How Long Can Video in Ebooks Be?

Video PixelsEnhanced ebooks have been a cause of much excitement over the past few years — and with good reason. One of the things that an ebook can do that a paper-and-ink book can’t is to add embedded video and sound. (There are many other ways to enhance an ebook— but those are the most common enhancements.) Here’s a chance to make the book something truly new!

At Bay Area Independent Publishers Association, we have a group that is meeting regularly, discussing enhanced ebooks, led by a long-time digital publisher, Joe Sinclaire. One of the members of that group recently shot me an email recently asking about how long a video she could reasonably add to an ebook — two minutes? Five minutes?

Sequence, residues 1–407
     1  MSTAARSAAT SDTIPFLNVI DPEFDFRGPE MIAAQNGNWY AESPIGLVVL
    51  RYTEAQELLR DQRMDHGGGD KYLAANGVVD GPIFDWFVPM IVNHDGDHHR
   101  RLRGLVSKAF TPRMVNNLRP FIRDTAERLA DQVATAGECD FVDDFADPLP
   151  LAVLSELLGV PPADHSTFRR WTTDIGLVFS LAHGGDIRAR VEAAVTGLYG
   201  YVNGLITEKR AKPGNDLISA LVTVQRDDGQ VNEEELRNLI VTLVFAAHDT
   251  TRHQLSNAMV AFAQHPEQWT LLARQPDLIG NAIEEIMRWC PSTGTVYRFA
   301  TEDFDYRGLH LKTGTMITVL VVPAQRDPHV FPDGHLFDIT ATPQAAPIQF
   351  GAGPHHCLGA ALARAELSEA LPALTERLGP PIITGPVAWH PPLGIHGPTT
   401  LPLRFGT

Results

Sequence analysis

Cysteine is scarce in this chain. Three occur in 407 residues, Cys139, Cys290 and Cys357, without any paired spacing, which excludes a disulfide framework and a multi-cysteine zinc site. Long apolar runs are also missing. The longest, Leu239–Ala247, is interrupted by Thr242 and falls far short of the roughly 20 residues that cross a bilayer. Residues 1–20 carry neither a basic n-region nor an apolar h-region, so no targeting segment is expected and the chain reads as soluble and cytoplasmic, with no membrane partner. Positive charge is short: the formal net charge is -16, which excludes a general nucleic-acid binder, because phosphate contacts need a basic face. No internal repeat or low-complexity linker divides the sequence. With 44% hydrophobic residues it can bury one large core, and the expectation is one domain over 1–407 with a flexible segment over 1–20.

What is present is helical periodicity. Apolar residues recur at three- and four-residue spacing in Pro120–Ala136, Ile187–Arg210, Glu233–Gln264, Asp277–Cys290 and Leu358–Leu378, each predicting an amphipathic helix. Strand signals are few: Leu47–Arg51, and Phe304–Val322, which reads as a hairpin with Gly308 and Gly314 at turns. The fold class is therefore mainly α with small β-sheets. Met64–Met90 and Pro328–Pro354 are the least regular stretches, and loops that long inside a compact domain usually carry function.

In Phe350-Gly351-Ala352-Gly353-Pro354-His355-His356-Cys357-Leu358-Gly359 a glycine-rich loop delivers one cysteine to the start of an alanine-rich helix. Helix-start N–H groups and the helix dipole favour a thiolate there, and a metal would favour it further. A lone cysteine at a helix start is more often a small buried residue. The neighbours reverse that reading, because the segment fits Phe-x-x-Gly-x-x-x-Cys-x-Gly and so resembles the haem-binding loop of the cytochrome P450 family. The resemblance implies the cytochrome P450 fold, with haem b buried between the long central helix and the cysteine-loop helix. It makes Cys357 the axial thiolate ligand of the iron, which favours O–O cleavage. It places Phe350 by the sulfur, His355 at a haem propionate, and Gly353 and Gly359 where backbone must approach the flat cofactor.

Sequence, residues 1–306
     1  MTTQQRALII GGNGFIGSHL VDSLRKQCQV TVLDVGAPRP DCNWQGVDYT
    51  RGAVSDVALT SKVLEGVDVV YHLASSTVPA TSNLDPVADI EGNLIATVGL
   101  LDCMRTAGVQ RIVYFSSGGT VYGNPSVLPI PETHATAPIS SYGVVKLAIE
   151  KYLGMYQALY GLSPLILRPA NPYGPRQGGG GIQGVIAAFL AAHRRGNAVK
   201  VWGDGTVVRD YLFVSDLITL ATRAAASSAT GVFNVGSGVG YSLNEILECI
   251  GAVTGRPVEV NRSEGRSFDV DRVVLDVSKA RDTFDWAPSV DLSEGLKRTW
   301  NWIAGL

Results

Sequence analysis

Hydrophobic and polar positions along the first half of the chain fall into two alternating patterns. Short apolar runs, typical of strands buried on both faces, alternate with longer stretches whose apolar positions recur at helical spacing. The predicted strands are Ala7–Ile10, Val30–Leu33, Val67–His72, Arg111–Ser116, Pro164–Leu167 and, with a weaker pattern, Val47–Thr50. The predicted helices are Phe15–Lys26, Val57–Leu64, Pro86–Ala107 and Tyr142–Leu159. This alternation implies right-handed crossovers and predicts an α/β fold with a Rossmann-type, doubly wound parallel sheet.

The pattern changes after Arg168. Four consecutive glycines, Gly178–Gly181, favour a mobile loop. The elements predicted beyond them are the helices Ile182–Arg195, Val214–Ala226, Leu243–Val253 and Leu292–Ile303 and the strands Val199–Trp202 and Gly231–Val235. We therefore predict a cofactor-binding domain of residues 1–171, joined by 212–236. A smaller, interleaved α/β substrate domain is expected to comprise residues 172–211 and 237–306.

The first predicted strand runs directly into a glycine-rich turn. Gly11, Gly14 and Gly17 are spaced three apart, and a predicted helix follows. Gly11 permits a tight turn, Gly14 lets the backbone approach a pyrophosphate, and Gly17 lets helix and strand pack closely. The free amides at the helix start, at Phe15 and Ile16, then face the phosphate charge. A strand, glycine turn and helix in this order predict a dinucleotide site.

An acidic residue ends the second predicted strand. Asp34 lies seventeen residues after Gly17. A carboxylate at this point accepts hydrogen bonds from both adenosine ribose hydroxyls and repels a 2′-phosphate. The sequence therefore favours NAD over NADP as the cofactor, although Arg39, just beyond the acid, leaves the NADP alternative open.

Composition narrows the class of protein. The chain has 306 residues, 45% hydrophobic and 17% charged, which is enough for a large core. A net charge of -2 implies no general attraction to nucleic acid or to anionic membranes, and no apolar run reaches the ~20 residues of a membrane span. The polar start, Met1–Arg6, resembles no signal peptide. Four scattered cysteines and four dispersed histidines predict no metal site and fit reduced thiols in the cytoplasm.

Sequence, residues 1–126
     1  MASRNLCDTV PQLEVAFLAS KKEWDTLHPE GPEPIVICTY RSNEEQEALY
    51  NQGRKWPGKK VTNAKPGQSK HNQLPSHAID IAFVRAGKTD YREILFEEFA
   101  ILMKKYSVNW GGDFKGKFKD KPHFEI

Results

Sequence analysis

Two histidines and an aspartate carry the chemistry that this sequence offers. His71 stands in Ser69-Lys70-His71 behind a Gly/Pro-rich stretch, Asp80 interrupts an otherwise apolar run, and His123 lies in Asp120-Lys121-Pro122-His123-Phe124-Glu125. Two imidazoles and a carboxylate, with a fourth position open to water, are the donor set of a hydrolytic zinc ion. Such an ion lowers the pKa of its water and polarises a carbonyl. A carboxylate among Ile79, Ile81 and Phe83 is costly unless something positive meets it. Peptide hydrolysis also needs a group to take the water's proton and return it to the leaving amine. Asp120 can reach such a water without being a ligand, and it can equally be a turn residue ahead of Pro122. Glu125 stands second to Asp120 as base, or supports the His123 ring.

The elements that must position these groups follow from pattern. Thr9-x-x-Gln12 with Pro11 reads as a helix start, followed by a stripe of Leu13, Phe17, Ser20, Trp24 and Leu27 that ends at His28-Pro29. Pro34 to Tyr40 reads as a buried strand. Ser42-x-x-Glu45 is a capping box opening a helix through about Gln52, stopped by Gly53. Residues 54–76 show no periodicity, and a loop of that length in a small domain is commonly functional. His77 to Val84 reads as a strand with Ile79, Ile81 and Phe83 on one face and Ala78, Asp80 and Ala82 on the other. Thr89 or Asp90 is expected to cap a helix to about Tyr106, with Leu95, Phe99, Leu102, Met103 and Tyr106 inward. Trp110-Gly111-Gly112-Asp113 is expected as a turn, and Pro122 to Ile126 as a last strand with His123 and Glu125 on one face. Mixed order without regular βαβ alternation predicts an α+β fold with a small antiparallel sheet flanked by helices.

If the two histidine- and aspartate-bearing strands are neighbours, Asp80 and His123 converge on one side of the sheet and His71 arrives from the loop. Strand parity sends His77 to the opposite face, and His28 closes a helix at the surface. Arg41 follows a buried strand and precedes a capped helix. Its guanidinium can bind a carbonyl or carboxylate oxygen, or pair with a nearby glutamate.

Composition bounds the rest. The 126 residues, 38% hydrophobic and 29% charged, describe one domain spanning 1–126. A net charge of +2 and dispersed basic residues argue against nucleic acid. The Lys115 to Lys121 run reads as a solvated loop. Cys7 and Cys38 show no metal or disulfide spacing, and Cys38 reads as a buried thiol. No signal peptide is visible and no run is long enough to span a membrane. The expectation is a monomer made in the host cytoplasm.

Here’s my answer:

Thanks for the question!
Starting with the understanding that only a few of the major outlets — notably Apple and Kobo — take ebooks with video, the answer is, whatever length you want — but obviously, you need to think about the size of the file.
The longer the video, the higher the resolution of the frame , the less compressed the video file, the more unwieldy the ebook. The biggest one I’ve ever uploaded was 100MB — it included three or four very short (30-40 second) videos. A 640×480 (aka Standard Definition, VGA, or 480p) video encoded as an MP4 file (the encoding that Apple requires) at a standard bitrate of about 1400kbps is about 40MB a minute. It adds up fast. I believe that Apple will turn down ebooks that are much bigger than 200MB. (Bigger than that and they become a pain to download and take up too much room on an iPhone/iPad.)
So five minutes is probably pushing it.
There are ways to shrink the video file size. You can use shorter clips. You can use a smaller frame size. You can compress the video by using a lower bitrate — just as you can squeeze a JPEG image by using higher compression/lower quality. But recognize that you’re making the video less watchable. They start looking like the old 3GP videos that folks used to shoot on flip phones.